Every now and then, my parents spoke to each other, probably ridiculing something about me I hadn’t notice that they did. But they did it in a different language. They had always done that. It never phased me when they did because they’d never tell me about it anyway. It was more surprising had they told me which language they actually used. That was what Science class was like in the 8th grade. 5th period Science was strange to me, but it also seemed strangely comfortable.
We would do different science labs on certain days, usually a Thursday. We’d be lectured the whole week before getting hands-on. Some of the labs could be done on our own, and we’d watch something interesting happen. Then wrote down the results after trying different things for different results, on Friday. The idea that a completely different result can be achieved by simply changing a small factor, was intriguing. It made me think about my family. Sometimes, we’d have labs that required a partner, but no one ever picked me. I thought I was a great student when it came to science, but that didn’t convince anyone enough to be less afraid of me. Every student usually was. There wasn’t anything I could ever do about that wouldn’t frighten everyone even more.
The point of the partners was probably to teach students the importance of teamwork which I thought was riskier because the grade was shared. Our teacher, Mr. Mackie allowed me to work alone during the partnered labs. He had noticed I was always the odd man out. But my grades were always among the highest in class. I worked hard for them. It was the only way I could make everyone regret never picking me. Teamwork taught me how disappointment from others I relied on could be avoided altogether. I just had to get everything right, and I’d be just fine. No punishments. Maybe the point of the partners wasn’t to show the value of camaraderie at all and just another way they maintained the school budget for the rat cadavers we got to dissect. I was fortunate to be allowed my own.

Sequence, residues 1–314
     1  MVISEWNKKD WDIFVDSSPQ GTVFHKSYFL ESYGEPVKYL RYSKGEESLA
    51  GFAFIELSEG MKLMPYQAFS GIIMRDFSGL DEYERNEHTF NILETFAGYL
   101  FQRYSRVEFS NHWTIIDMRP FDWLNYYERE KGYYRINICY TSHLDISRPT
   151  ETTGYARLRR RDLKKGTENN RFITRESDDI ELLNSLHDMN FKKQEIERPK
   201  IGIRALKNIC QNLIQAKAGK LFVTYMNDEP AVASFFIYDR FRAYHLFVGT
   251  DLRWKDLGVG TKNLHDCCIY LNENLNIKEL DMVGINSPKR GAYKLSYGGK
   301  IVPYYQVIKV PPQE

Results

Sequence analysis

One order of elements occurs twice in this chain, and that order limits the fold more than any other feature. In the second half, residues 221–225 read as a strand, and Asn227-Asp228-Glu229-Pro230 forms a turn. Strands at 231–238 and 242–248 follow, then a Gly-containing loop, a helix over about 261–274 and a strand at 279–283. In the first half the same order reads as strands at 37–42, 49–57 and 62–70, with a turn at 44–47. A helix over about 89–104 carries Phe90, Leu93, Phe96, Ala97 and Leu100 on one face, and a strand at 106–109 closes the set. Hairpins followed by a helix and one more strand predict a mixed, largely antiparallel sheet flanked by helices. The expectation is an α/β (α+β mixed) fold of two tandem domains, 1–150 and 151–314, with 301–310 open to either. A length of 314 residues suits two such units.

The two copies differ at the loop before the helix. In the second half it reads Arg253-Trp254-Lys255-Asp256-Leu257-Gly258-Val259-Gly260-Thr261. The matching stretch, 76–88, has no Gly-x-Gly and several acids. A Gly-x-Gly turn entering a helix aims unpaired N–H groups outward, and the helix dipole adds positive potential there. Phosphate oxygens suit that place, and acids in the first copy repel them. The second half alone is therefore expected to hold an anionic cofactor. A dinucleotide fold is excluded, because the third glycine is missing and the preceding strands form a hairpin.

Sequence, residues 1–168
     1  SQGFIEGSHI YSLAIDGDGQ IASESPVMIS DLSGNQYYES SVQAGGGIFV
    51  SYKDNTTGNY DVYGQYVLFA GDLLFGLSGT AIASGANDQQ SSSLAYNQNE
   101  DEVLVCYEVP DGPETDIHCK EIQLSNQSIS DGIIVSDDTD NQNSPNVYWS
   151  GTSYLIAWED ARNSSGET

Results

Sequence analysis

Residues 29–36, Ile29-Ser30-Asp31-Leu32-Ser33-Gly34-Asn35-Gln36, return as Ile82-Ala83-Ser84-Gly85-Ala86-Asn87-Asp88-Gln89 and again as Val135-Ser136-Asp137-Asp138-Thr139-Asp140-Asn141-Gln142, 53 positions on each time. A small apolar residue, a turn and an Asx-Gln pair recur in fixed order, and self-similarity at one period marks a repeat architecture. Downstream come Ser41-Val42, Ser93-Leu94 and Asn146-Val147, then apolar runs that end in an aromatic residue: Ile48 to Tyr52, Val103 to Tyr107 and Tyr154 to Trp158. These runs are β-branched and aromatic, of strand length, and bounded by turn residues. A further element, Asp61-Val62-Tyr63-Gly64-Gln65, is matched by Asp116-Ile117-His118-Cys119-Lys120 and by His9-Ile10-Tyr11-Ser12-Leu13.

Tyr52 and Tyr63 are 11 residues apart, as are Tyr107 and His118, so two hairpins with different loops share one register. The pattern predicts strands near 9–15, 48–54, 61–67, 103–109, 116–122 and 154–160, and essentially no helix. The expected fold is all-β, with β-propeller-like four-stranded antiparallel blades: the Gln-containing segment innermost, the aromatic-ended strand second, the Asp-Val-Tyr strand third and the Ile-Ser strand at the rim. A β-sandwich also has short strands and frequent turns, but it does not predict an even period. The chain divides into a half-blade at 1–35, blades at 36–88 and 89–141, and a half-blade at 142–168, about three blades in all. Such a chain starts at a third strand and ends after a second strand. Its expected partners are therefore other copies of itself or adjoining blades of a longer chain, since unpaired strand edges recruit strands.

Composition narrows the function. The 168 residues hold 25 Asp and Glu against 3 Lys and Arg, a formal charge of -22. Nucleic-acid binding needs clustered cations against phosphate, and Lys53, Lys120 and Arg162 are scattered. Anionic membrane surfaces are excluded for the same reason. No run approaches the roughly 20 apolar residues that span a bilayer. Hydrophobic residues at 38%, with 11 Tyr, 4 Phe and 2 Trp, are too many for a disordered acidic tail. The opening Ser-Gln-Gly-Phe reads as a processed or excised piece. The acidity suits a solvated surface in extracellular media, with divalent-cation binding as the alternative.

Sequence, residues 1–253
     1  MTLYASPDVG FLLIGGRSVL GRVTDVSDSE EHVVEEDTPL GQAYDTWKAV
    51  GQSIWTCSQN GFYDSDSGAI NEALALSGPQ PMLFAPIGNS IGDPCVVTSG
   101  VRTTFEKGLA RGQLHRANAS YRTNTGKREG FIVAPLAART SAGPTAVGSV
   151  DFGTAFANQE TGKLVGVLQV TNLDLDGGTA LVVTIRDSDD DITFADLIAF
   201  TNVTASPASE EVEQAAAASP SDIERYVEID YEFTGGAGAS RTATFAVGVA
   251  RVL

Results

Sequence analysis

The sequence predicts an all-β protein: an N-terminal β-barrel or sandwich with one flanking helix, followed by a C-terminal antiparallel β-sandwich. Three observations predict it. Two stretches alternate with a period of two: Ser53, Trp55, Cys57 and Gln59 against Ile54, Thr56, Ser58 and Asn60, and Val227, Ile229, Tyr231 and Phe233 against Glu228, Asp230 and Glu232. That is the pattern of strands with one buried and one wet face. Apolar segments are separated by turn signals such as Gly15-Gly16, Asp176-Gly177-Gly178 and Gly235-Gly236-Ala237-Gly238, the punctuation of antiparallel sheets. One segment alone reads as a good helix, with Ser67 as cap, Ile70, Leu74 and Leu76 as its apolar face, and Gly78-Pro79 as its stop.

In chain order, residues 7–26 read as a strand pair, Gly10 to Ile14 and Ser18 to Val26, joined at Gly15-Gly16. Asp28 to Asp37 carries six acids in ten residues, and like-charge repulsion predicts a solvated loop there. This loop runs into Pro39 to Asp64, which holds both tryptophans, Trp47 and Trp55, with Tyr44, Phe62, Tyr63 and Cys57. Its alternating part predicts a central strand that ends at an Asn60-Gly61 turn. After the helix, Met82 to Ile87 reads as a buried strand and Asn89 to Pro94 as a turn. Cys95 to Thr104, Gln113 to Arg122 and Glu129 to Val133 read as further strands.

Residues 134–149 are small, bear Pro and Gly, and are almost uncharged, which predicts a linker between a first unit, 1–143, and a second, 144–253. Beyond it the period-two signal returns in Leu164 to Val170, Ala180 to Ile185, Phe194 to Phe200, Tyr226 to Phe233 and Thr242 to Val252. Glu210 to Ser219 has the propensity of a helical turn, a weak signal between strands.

Aubrey Porter had gym (P.E. for Physical Education as we called it back then) during the same time period I did. 4th period before lunch. Mr. Yamato had replaced my Ms. Spittel, of whom was now Aubrey’s physical educator. I didn’t want to learn anything about Mr. Yamato’s physical self like I (along with every boy) had ached to learn about Ms. Spittel’s physical form. In comparison to last year, that hour had become an even more blessed hour for the pubescent boys that attended Rutherford. At least, those who had 4th period P.E. It was because a blossoming Aubrey Porter and an already blossomed Ms. Spittel was in the class 10 feet over. The warm-up exercises, the physical activities, then glistening sweat around their necks. It was like a three-course meal, I’d never had.
Mr. Yamato was a six foot two Samoan from Honolulu. Like Ms. Spittel, he wore shorts everyday that exposed long deeply tanned, muscular legs. He had the same shape my former grandfather had, because Mr. Yamato also had that oddly placed protruding gut, aside from appearing to in his mid-60’s. The oddest thing about him, was his accent. It was a deep New Jersey accent. I found it odd because older Asians I had met usually spoke terribly broken English. I began to understand that people could be mistaken for something else, just by their looks, people besides me. That old man with a New Jersey accent turned out to be an asshole, though.
I found him a reasonable man whenever he took attendance. He had us all sit as Ms. Spittel’s class began the famous warm-up jumping jacks. It was timed that way as though Mr. Yamato understood the injustice had he not done it. He would yell at a boy if he turned to look. In that sense, we all learned to look at a girl’s tits with our peripheral vision. It was a valuable skill in life. He may have been an asshole, but at least we knew he was one of us.